If you have seen the movie “Letters to Juliet” with Vanessa Redgrave and Amanda Seyfried you are familiar with the story of Juliet’s balcony and the Club di Giulietta. The letters that are addressed to Juliet are read and answered by local volunteers.
Vanessa Redgraves’s long lost love Lorenzo in the movie is actually her husband in real life.
The movie was filmed in Juliet’s hometown of Verona. Did you know that you could go to Verona and leave a message under her balcony at the 14th century palace? Look at all the documents under the picture in the post. Her secretaries will respond to your request offering advice about your Romeo. You don’t actually have to go to Verona to leave a letter, you can email the letter seeking romantic advice to her secretaries. The volunteers at the Juliet Club (Club di Giulietta) will answer your letter. On Valentine’s Day you may win a prize. Every Valentine’s Day a prize is awarded for the most beautiful letter. The prize includes a weekend trip to Verona. Juliet’s Club is financed by the city of Verona and was the subject of a book by Lise and Ceil Friedman.
The Capulet’s House (Casa di Giulietta) has a balcony, a courtyard and a bronze statue of Juliet. For good luck, stroke Juliet’s breast on the bronze statue. If you write your name and your loved-ones name on the wall, it is believed that your love will be everlasting.
The historic city of Verona has pastel candy-colored buildings. It was founded in the first century B.C. and is located at the foot of the Monte Lessini on the river. Verona is a UNESCO World Heritage Site. It is an outstanding example of a military stronghold. Verona is the second most important art center in the Venato region outside of Venice.
Verona has developed progressively and uninterruptedly for over 2000 years. The top row of the Roman Amphitheatre offers a panoramic view over the town and on a clear day the Alps are visible. The amphitheatre continues to serve as an opera house. Verona’s arena serves as a venue for an annual Shakespeare Festival. It was completed in 30 AD.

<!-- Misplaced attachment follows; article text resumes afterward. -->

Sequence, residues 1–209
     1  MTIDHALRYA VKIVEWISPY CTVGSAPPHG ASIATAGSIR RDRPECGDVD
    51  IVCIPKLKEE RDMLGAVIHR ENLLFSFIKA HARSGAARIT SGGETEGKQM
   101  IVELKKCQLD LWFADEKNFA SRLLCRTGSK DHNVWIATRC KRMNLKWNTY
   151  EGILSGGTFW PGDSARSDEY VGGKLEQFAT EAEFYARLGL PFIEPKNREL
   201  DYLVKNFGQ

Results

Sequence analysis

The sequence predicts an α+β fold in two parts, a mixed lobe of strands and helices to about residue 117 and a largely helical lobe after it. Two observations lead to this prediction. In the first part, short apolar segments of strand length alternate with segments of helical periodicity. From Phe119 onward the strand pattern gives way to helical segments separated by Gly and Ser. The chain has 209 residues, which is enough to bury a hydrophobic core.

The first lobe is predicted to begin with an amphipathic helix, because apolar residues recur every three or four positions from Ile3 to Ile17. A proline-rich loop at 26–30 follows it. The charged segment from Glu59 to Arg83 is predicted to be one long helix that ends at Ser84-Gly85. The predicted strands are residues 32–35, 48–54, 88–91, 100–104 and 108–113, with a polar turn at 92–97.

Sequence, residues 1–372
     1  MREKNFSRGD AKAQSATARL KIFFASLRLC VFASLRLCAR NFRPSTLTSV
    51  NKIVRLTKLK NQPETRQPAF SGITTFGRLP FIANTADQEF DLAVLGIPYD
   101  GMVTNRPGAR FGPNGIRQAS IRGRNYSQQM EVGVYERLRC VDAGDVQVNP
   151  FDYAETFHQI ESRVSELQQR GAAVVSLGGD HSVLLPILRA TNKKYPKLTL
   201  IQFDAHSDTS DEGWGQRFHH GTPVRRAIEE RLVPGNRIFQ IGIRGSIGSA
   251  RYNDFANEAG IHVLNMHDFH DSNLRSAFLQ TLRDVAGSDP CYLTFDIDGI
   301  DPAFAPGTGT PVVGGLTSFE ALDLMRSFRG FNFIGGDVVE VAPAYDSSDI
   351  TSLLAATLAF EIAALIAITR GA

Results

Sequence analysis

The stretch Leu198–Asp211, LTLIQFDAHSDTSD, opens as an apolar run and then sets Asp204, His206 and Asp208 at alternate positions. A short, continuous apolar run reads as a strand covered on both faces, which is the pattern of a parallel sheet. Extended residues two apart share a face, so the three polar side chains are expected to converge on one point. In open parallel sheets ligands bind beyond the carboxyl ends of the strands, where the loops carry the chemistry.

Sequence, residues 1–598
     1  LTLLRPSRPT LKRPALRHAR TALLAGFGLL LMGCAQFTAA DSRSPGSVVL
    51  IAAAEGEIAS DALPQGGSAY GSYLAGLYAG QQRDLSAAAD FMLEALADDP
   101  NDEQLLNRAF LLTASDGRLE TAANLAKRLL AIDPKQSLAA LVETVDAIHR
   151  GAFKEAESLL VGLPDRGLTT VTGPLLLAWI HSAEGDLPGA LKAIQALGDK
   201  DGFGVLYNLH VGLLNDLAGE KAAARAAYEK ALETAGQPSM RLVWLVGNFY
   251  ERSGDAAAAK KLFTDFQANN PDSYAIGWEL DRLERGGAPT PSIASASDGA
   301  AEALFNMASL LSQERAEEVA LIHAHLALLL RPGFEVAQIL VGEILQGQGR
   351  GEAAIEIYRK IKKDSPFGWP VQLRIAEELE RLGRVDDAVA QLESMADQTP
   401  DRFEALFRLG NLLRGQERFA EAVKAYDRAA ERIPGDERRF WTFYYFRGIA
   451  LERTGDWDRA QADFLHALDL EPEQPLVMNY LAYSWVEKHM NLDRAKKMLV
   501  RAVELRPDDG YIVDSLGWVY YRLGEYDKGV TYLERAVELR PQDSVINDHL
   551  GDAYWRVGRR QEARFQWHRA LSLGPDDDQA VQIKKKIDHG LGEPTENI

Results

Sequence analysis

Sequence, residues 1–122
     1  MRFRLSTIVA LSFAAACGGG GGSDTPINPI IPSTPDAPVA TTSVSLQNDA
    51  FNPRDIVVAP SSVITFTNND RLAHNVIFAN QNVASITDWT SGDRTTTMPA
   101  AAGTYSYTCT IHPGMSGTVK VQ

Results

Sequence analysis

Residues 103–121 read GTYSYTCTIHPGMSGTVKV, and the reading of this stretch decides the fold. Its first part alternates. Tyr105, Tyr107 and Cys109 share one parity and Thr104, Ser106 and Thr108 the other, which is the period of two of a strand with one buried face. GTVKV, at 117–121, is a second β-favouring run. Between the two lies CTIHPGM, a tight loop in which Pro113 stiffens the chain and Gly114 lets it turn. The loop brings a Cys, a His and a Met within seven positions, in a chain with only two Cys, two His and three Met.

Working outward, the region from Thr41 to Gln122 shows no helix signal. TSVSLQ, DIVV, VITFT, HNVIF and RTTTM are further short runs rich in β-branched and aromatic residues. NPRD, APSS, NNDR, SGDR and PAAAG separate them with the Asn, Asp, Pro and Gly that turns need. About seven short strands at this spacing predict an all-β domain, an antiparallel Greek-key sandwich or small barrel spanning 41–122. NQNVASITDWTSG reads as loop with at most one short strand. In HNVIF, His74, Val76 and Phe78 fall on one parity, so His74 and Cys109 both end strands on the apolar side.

The Giardino Guisti is one of Italy’s most famous gardens and offers a beautiful view from the “monster balcony.” Verona flourished under the 124 year reign of the Scaliger family in the 13th and 14th centuries and as part of the Republic of Venice from the 15th to 18th centuries. Several seminal stages of European history have been preserved in this magical city. Tour the museums to view masterpieces from the medieval and Renaissance periods.
When you go to Verona to send your letter to Juliet, have a seat at a café in the Piazza dei Signore and order a Rosso Veronese, Soave or Valpolicello Classico as you gaze at the imposing statue of Dante. Think about Shakespeare embellishing Romeo and Juliet’s love story in this romantic “City of Love”. Sign up for cooking lessons at Villa Giona, associated with the Allegrini Winery, to seal the deal with Miss or Mr. McDreamy!
Dine at Osteria Sottoriva on Via Sattoriva and try some asparagus lasagna. Arche and Il Desco offer outstanding regional cuisine. There are two Buon Ricordo restaurant options near Verona: ( 1) Gardesana in Torri del Benacoke on the eastern Riviera of Lake Garda is located at Piazza Calderini, 20 (www.hotel-gardesana.com). Order the whitefish filet in sweet and sour sauce and gaze at the glistening lake from the terrace and (2) Ristorante 12 Apostoli on Vicolo Corticella S. Marco, 3 (www.12apostoli.it) offers a delightful duck breast in Amarone wine. This restaurant has a 250 year history.
Verona has a long and strong history of wine production with high quality and high productivity. On the Veronese Riviera, Lake Garda is synonymous with the Bardolino red wine zone and winery tours can be arranged at the Enoteca del Bardolino and at the Wine Museum of the Zeni estate. The Valpolicella appellation was declared 2009’s winemaking region of the year by Wine Enthusiast. Amarone and Recioto wines were upgraded to DOCG status. Amarone is my favorite Italian red wine. It is made from the partially dried grapes including: Corvina, Rondinella and Molinara.
In April of each year, Verona hosts “Vinitaly.” It is the country’s largest wine exhibition where you can taste thousands of wines from around the world. www.vinitaly.com Here are some red wines you want to try in Verona: Amarone della Valpolicella, Bardolino Superiore, Cabernet Franc e Sauvignon, Chiaretto del Garda, Valpolicella and Raboso del Piave. To learn more about Italy read Vino con Vista Travel Guides www.vino-con-vista.com
If you are planning a trip to Vinitaly or Verona, consider these hotels:
|Byblos Art Hotel Amista (15th century villa) Hotel Gabbia Doro (in town)www.hotelgabbiadoro.it Due Torri Hotel Baglioni (14th century building)www.baglionihotels.com.On Lake Garda, stay at the Grand Hotel A Villa Feltrinelli www.villafeltrinelli.com|
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